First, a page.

The University of Chicago Study entitled “Sex in America” concluded that up to 25% of Americans engage in anal sex at some point in their life. The term ‘sodomy,’ unfortunately, is religious in origin – and has been used to stigmatized everything from witchcraft to masturbation. The case being considered by the U.S. Supreme Court has nothing to do with incest, adultery, polygamy or bigamy. It has to do with recognizing that the state has no business telling competent adults in voluntary, non-commercial relationships what they can and cannot do unless there is some legitimate social interest. In the case of bigamy, polygamy, incest and adultery the interest is easy to identify. So is the bigotry in Santorum’s hurtful and hysterical rhetoric.

Douglas Pinter: ‘I believe there is an economic issue here – that civil rights and economic vitality are directly linked. Let me explain: In managing hundreds of employees in three shift operations, I found that there was always some rule, regulation or lack of incentive du jour that was touted as the cause of their lethargy, malaise, lack of commitment, etc. Most were corporate policies I didn’t have the authority to change. When I was able to alter a misguided policy, another one took its place as the new root of all evil.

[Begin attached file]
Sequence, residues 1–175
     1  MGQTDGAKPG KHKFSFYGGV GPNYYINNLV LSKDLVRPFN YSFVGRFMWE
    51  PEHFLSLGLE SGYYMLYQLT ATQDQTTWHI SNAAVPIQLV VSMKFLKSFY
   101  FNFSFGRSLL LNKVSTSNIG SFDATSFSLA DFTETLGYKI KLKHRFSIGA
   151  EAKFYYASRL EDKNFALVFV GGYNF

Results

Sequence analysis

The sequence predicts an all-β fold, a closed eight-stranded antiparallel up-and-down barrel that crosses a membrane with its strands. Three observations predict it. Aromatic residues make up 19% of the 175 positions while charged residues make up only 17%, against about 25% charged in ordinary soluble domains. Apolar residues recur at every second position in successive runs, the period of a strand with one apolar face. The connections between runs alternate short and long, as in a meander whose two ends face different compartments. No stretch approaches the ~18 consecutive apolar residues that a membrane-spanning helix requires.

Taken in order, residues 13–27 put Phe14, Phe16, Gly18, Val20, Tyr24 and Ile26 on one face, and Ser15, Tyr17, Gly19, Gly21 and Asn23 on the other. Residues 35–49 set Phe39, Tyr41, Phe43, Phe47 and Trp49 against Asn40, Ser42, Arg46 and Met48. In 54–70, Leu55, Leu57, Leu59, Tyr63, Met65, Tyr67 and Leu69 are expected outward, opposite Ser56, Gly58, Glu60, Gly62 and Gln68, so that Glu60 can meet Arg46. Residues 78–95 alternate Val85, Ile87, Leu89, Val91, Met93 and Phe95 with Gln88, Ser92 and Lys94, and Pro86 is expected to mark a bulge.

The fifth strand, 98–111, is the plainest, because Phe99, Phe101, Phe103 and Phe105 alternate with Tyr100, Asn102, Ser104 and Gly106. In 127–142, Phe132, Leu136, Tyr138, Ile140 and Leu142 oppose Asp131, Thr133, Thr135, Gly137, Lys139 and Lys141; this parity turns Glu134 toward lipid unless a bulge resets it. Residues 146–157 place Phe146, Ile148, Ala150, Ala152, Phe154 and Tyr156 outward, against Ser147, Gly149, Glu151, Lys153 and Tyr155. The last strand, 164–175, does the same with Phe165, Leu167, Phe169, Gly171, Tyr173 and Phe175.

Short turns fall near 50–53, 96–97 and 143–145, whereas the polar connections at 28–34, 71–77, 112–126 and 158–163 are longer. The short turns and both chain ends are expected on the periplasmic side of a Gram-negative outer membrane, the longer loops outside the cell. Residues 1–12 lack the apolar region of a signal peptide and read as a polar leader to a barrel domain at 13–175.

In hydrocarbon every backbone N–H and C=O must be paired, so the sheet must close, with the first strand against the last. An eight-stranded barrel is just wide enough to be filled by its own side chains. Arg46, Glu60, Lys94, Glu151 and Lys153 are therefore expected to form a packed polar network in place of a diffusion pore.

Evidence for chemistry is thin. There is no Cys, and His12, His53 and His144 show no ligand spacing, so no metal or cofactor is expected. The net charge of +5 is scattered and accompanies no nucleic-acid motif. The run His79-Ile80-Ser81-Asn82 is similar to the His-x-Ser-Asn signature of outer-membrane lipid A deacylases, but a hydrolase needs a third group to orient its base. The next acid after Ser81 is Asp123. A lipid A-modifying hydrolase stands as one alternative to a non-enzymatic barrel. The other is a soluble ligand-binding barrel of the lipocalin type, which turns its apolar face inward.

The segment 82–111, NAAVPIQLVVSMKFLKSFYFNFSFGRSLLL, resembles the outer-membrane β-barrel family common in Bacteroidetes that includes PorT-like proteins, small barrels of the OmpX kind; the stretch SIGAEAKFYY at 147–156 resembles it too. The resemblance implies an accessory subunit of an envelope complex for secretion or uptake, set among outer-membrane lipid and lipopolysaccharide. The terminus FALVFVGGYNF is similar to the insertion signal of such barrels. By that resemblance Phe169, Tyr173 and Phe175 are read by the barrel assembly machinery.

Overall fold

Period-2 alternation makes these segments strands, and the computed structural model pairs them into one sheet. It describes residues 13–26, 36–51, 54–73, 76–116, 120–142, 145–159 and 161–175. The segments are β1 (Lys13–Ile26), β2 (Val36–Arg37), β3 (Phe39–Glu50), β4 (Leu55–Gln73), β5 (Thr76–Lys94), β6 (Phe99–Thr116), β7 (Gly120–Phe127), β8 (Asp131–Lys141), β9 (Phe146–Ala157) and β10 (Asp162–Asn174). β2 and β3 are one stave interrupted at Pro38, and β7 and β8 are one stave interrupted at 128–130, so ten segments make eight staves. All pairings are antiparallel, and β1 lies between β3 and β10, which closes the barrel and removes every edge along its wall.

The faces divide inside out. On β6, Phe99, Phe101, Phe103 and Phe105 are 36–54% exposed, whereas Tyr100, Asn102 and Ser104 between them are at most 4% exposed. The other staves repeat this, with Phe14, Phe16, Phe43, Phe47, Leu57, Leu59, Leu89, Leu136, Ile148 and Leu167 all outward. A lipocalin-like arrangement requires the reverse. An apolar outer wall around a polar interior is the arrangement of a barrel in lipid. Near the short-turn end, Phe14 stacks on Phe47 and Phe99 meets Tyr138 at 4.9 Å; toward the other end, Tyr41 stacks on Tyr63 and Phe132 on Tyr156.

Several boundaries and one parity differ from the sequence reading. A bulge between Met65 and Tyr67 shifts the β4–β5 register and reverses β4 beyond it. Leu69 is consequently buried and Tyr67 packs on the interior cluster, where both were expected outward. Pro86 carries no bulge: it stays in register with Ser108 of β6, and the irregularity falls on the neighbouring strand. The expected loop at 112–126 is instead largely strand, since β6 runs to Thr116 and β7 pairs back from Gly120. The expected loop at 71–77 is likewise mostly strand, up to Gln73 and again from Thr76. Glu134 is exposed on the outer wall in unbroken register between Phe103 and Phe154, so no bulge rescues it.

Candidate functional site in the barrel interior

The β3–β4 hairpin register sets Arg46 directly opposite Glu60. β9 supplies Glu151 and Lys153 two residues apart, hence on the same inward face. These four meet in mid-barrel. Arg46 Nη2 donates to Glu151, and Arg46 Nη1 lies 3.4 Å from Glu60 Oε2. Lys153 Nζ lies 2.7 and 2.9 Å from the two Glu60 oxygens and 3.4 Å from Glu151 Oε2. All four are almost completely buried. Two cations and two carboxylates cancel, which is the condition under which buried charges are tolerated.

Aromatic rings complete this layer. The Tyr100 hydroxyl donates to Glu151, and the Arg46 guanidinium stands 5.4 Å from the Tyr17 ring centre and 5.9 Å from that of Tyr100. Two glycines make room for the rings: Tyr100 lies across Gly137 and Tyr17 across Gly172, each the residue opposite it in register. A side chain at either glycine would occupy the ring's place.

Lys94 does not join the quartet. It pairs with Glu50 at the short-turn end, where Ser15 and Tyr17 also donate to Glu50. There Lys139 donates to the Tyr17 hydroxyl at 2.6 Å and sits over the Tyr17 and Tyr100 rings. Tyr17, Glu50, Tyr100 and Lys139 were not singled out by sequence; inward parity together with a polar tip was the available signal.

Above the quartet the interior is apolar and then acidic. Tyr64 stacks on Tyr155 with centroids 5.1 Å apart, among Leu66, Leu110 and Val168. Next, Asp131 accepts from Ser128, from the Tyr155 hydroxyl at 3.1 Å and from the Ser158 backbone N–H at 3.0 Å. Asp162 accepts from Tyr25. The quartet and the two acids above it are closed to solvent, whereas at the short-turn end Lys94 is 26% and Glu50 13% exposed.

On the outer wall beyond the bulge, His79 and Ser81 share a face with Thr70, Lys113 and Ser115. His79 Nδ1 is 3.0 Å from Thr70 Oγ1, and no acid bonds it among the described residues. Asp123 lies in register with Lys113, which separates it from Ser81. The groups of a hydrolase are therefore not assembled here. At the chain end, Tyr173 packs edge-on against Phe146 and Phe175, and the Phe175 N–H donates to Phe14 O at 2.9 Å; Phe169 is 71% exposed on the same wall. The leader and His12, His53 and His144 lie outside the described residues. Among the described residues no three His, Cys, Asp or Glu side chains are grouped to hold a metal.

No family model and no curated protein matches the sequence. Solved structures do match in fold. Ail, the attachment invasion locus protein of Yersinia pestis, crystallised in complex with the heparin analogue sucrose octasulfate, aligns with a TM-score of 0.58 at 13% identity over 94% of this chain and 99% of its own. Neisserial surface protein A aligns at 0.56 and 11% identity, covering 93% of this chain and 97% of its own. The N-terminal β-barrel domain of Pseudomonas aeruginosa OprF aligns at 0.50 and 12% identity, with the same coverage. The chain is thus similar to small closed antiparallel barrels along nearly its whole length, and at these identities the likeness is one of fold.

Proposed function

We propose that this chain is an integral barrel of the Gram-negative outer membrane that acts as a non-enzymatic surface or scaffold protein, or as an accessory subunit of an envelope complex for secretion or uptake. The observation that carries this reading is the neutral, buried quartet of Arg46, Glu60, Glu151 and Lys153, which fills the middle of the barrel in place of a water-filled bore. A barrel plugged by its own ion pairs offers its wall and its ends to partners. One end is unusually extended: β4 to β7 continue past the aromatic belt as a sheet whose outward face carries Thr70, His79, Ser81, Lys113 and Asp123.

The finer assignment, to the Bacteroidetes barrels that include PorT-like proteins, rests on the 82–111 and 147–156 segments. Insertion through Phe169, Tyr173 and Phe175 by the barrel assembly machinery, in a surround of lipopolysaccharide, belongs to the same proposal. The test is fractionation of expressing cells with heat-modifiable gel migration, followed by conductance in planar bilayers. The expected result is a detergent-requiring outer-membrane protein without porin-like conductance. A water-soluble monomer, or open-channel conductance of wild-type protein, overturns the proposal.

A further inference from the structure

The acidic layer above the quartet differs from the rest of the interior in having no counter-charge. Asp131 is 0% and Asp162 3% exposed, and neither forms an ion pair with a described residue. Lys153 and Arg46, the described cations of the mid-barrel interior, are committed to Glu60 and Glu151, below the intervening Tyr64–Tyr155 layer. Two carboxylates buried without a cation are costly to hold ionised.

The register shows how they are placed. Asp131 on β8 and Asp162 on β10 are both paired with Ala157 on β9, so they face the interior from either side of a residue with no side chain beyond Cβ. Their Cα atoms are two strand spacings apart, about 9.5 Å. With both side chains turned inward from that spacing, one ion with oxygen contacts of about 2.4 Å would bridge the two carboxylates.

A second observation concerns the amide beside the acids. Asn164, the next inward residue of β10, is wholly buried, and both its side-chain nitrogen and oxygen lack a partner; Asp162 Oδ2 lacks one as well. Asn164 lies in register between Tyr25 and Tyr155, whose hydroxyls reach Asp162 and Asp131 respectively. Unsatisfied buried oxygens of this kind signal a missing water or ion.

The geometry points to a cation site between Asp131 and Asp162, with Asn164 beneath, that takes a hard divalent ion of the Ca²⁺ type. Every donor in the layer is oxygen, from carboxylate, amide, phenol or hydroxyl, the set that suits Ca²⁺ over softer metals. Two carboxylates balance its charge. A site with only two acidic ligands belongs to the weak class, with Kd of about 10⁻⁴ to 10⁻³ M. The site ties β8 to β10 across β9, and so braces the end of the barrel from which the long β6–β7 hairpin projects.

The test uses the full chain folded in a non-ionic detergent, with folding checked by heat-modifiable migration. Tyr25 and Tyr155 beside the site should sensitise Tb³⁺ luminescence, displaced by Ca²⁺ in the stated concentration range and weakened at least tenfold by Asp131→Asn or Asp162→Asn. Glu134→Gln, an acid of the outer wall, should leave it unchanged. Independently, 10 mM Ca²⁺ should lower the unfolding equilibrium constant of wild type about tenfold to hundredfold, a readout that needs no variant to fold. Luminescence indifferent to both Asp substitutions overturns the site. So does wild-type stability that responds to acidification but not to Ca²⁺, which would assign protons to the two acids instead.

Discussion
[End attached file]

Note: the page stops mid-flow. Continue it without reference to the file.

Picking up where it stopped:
‘I discovered that what unleashed creative and committed employees with new ideas that generated new services and profits was acknowledging the diversity in a workforce, not just ethnic, gender, economic or sexual, but psychological – some had career interests in the company, some were just paying the rent while they secretly couldn’t wait to leave. When I went around to the offices in my region, I acknowledged these differences and told them that they should honor that within themselves and that I would help them get to their next role in life or in the company – but that while we were working together in our current roles, we were going to commit to excellence. Turnover stopped, service went up, new ideas proliferated. By honoring them as individuals with a responsibility to participate fully in any way they could, we created our own regional economic prosperity and growth when performance in other regions of the country were flat.